The murder trial of six Central American young men from the Mission district captured the attention of Bay Area radicals. The case was promoted by the left into a cause celebre. A "good vs. evil" narrative was created by Los Siete supporters which portrayed Los Siete as seven innocent Latino students who had been brutalized and framed by racist police. It was further hyped by the grandiose name granted to the group of defendants: "Los Siete de la Raza" (The Seven of the People).
Of course these young men deserved a good defense, but the left's uncritical glorification of the defendants seemed overdone and insincere. Nowadays, with the luxury of hindsight, the Los Siete episode looks more like it was a desperate attempt to revive a no longer sustainable Bay Area radical movement, exhausted by ten tumultuous years of non-stop struggle. Nevertheless, many old-timers remember the Los Siete case as an important part of their political radicalization. Maybe it was, but I don't see Los Siete as heroes, especially given what some of them did before and after their trial.
What happened to Los Siete after their acquittal
New charges: In December, 1970, a month after their acquittal, four members of Los Siete de la Raza appeared at the San Mateo County Courthouse to enter pleas on charges of auto theft and armed robbery, crimes allegedly committed in May 1969 at Pescadero State Beach, San Mateo County. Jose Rios and Nelson Rodriguez were arrested separately in San Francisco, charged with suspicion of possessing marijuana and LSD and were also charged in their abscence with auto theft and armed robbery in San Mateo County.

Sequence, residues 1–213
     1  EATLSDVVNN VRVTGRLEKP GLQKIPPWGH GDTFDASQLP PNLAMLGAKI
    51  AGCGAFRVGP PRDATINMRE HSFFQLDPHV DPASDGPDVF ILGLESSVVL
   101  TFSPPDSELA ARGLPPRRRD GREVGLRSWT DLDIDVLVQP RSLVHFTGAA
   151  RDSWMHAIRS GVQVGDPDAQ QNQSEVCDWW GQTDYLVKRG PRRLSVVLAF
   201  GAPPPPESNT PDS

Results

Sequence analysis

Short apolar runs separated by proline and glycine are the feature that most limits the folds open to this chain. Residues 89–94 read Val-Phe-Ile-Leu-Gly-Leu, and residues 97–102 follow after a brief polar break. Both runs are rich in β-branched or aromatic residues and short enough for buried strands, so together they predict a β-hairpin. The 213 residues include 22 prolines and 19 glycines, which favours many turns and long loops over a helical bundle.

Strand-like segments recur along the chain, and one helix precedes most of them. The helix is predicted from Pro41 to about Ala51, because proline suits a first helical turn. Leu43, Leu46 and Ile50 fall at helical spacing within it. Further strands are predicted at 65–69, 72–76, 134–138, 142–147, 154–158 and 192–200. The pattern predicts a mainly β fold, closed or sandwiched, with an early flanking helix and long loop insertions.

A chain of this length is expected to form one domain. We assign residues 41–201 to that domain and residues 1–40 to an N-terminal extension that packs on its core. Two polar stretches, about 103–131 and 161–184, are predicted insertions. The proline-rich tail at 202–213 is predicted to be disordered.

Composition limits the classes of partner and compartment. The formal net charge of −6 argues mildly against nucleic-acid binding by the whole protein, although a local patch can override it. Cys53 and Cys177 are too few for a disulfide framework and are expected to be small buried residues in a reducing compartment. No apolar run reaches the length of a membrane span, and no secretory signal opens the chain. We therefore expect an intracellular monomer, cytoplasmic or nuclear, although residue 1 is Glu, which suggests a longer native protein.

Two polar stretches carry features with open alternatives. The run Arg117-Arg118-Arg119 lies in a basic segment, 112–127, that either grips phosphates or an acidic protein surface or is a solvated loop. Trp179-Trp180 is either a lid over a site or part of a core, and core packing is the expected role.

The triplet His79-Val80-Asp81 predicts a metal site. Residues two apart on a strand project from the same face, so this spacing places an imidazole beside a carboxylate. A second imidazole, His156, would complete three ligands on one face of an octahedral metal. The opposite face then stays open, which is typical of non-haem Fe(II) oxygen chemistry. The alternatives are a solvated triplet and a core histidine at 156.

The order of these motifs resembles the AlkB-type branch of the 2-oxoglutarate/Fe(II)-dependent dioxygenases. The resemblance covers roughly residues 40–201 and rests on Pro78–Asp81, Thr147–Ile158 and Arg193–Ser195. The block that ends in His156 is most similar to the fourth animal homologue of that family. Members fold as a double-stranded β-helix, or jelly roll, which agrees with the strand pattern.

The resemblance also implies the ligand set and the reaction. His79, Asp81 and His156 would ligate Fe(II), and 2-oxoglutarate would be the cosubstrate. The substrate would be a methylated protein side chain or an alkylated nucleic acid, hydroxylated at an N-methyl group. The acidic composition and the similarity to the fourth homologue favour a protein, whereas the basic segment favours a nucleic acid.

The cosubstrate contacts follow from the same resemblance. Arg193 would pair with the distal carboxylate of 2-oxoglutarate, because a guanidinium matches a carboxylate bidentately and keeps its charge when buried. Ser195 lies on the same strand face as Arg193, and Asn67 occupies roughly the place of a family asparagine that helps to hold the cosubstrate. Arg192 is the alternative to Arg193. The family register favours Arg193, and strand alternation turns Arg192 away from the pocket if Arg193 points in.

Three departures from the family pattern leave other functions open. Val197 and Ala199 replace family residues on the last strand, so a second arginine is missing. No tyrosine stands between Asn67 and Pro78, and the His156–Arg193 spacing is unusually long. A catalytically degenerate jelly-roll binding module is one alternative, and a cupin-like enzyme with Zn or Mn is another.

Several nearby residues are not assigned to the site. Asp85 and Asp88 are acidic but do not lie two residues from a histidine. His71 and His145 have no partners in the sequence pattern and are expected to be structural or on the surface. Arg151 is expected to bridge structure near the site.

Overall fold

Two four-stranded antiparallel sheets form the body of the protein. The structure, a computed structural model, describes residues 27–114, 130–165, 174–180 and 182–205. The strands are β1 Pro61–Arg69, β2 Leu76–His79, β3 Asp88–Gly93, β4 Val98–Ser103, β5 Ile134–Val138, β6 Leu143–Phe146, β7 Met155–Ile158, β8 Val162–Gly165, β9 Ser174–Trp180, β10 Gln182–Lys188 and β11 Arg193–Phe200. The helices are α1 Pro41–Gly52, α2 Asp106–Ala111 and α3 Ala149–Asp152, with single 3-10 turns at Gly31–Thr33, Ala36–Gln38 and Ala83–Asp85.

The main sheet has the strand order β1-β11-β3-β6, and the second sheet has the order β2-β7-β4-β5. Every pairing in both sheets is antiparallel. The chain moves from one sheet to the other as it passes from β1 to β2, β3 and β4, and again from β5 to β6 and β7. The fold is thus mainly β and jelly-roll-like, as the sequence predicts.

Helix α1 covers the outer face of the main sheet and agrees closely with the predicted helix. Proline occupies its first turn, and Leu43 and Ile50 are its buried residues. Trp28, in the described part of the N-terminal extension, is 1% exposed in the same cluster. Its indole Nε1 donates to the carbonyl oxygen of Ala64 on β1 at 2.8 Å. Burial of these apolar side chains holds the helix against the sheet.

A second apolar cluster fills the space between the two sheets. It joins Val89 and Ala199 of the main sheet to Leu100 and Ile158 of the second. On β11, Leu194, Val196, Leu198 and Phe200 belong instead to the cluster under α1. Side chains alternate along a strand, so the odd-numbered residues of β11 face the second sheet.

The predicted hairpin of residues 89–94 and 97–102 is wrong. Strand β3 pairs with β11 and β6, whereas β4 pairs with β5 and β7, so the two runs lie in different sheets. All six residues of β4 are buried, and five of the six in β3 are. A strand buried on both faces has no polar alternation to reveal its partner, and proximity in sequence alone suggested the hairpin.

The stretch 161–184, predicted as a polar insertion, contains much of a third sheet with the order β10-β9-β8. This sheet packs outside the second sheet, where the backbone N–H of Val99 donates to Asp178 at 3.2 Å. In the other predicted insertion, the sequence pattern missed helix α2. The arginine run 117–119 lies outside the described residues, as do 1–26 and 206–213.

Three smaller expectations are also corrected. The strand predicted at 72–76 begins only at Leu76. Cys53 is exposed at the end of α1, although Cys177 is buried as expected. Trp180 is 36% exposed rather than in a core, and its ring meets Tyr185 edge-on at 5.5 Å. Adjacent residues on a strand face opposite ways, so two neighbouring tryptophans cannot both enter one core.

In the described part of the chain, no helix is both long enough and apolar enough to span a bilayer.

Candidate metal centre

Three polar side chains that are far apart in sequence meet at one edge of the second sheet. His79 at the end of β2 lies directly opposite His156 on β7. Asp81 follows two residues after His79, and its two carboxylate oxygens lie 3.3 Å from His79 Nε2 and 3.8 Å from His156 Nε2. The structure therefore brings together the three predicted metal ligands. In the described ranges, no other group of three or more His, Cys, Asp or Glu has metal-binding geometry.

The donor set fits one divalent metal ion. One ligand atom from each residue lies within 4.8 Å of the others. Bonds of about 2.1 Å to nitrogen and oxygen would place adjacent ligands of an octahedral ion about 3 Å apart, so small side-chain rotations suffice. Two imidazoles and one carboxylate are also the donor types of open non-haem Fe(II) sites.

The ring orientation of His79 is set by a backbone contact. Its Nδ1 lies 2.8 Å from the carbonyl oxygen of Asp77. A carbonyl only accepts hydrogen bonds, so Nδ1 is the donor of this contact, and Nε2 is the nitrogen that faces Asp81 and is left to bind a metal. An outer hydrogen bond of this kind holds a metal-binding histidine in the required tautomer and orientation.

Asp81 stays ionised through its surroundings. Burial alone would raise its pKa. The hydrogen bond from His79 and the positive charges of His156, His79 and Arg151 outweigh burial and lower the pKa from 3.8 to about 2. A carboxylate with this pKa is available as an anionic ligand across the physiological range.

Information that is twenty years old: The only other information I have on the lives of the defendants after 1970 comes from a 1999 SFGate article I found online. According to the article, few people interviewed seemed to know what became of Los Siete. My note: although some of the young men had been attending college preparedness sessions at the College of San Mateo prior to their arrests, others had allegedly been involved in robbery and auto theft. According to Oscar Rios, brother of defendant Jose Rios, many became "disillusioned" after the trial, when they went from being political heroes to joining the ranks of the unemployed - forever marked as cop-killer suspects.